Adidas raised its 2018 profit forecast on Wednesday after selling more of its top-end sports shoes, although the German sportswear and fashion firm cut its revenue target due to a fall in sales in western Europe.
Chief Executive Kasper Rorsted has focused on improving profitability at Adidas, which long lagged bigger rival Nike, since he took over in 2016, in part by simplifying product ranges and pushing e-commerce, where margins are higher.
Shares in Adidas, which have gained 12 percent in the last year, were indicated up 1.9 percent after it said it expects its net income from continuing operations to grow 16 to 20 percent to between 1.66 billion to 1.72 billion euros ($1.90-1.97 billion), compared with previous guidance of 13 to 17 percent.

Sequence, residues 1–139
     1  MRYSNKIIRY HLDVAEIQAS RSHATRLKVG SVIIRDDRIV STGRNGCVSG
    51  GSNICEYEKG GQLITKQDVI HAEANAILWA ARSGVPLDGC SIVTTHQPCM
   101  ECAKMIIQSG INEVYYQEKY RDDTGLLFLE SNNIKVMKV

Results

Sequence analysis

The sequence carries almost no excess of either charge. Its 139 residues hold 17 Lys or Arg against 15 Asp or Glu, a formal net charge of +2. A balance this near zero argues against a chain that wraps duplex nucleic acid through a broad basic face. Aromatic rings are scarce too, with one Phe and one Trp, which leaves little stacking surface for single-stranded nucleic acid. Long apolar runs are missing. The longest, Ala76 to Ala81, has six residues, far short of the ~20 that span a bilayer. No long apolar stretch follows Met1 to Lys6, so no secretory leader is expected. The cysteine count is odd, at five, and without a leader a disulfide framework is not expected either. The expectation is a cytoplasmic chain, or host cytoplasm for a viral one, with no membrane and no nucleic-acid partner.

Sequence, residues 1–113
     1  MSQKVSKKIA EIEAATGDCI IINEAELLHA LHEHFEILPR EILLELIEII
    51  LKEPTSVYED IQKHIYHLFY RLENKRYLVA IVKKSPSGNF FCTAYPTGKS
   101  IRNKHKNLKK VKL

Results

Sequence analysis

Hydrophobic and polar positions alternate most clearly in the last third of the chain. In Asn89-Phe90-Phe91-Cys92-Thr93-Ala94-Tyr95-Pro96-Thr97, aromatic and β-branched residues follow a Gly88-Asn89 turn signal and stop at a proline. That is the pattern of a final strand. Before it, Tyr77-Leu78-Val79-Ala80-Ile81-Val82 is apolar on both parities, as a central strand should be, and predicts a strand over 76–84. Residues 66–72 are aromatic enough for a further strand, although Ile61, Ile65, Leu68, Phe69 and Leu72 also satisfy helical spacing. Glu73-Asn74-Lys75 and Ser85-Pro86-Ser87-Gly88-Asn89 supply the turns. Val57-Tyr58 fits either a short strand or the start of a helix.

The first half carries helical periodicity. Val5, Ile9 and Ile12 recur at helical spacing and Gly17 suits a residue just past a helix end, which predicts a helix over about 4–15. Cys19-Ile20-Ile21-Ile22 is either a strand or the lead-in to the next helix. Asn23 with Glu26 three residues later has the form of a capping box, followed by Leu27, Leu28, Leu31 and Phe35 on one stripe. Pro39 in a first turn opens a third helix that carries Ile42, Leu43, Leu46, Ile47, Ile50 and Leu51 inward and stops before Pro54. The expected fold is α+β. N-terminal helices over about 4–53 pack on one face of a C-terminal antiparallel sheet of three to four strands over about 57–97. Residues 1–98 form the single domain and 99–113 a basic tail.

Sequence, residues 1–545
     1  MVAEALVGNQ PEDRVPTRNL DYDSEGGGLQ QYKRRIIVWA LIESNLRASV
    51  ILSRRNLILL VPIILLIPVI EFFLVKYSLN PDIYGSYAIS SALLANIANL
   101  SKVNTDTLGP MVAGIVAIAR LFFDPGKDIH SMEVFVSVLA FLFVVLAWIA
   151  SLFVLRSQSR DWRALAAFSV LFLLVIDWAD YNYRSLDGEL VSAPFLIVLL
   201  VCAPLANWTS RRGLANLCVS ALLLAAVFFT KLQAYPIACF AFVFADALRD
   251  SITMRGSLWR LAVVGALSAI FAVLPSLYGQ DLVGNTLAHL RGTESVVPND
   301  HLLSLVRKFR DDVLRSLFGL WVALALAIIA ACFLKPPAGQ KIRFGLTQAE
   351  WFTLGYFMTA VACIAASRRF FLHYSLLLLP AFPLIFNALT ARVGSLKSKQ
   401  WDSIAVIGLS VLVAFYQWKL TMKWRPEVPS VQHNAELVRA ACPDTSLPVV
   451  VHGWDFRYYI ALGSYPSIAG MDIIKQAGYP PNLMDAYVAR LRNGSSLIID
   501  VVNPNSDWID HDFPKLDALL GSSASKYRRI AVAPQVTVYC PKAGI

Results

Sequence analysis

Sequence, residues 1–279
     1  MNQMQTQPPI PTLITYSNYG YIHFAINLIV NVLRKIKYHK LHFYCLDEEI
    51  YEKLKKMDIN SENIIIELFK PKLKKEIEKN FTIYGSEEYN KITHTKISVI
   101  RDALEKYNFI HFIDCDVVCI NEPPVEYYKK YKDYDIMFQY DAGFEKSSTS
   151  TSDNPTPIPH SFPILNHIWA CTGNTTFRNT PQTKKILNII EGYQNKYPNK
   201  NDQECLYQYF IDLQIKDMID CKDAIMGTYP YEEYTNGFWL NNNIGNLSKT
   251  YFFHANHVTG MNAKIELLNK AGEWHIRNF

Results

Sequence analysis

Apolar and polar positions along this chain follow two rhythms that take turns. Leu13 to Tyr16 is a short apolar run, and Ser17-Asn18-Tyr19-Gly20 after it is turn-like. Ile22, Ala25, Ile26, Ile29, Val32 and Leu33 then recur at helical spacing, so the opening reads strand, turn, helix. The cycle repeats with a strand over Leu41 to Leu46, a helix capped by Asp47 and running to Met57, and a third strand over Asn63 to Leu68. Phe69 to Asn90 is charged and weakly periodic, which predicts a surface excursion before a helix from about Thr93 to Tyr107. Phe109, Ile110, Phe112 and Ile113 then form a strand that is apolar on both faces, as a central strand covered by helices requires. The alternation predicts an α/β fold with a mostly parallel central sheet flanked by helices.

But it cut its 2018 target for currency-neutral sales growth to between 8 to 9 percent from "around 10 percent".
While Adidas has been taking market share from Nike in North America, the U.S. firm has been powering ahead in Europe, Middle East and Africa, helped by a big push in soccer.
German rival Puma raised its outlook for full-year sales and operating profit last month as it reported strong sales growth in the Americas and Asia and said its first basketball shoe in 20 years had been well received.
Adidas had already warned that sales in western Europe were likely to stay flat in the second half after it failed to focus enough on launching more products.
On Wednesday, Adidas said currency-adjusted sales in the region fell 1 percent in the third quarter, while they rose 16 percent in North America and 15 percent in Asia-Pacific. E-commerce sales jumped 76 percent in the three-month period.
Third-quarter sales rose by a currency-adjusted 8 percent to 5.873 billion euros, shy of analysts' forecast of 5.92 billion euros, while net profit from continuing operations jumped 19 percent to 656 million euros, beating consensus.